deleted, to make adjacent rows 'connect' in pattern formation.
When the data format reflects the correct data structure, just press the "Load Data
in Memory" button. Obvious data errors like wrong date formats, or non numeric data
will be picked up at that stage.
All data present on the selected sheet will be used except for a number of rows
at the end of the file which can be held out i.e. ignored while optimizing. You
the data file prior to loading data into G.P.F. The number of quotes loaded will be the
number of lines reduced by the number of header lines as well as the number of days ahead
required by the pattern objective (fitness function).
It is now time to launch the G.P.F. by pressing the "Start G.P.F." button. To
keep things simple, the whole genetic set-up has been summed up in one single process.
A population of individuals or potential pattern candidates is first
generated. They all carry genetic traits of potential solutions, according to the given search space
(availability of Open and Volume, 2 or 3-component patterns, number of bars back,
additional filters, etc...).
A few genetic optimization parameters are made available to the more advanced user.
Default values will however be sufficient in most cases. Registered Ward Systems GeneHunter users may
manually change the number of individuals in the
population, as well as advanced parameters. While the chance of reaching a local optimum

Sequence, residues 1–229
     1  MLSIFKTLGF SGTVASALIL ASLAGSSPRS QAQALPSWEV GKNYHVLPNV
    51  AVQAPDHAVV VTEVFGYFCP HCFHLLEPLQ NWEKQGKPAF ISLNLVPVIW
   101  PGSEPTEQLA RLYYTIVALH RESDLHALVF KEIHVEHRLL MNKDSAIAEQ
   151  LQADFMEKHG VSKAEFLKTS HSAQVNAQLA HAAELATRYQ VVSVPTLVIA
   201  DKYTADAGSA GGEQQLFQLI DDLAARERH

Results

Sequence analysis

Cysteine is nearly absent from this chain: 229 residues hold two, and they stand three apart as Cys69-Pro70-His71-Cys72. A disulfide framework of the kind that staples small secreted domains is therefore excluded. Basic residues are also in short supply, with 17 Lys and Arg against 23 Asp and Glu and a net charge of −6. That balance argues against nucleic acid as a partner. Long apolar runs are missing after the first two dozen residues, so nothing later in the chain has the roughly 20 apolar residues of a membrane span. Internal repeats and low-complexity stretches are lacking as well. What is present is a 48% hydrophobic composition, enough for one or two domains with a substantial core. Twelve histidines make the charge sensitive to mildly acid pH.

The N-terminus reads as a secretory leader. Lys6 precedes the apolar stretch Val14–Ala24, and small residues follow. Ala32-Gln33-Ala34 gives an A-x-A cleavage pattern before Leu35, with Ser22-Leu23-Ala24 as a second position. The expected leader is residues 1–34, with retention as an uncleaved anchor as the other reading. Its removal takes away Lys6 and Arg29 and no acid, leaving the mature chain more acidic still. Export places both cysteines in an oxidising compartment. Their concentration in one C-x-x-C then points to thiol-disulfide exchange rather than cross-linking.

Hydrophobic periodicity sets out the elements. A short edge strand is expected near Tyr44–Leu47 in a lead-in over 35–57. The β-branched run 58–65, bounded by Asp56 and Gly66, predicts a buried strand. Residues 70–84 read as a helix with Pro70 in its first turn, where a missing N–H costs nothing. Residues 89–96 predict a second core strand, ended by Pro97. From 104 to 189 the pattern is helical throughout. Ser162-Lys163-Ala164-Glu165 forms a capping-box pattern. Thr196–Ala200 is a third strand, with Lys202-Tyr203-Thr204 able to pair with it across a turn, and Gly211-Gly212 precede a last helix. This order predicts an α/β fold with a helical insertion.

during the optimization process should not be ignored, the default population will suffice
providing the search space remains realistic, i.e. for instance over a maximum of 14 bars.
The optimal population size is calculated according to your settings.
Once the optimization is completed, press the "Analysis" button to display statistical
characteristics of top solutions.
The top patterns are listed there for further testing and validation, including
Out-of-Sample statistical analysis. An Equity Curve and
Trade Distribution are also provided in order to select the most suitable trading
solution. The shape of the equity curve remains the best validation tool.
Option is given to automatically design a TradeStation EasyLanguage signal from the
selected solution. It is however recommended to combine different signals from separate
optimizations in order to find the best entry and exit signals for your trading strategy.
A separate EasyLanguage library is also available to import your patterns
directly into your Omega product.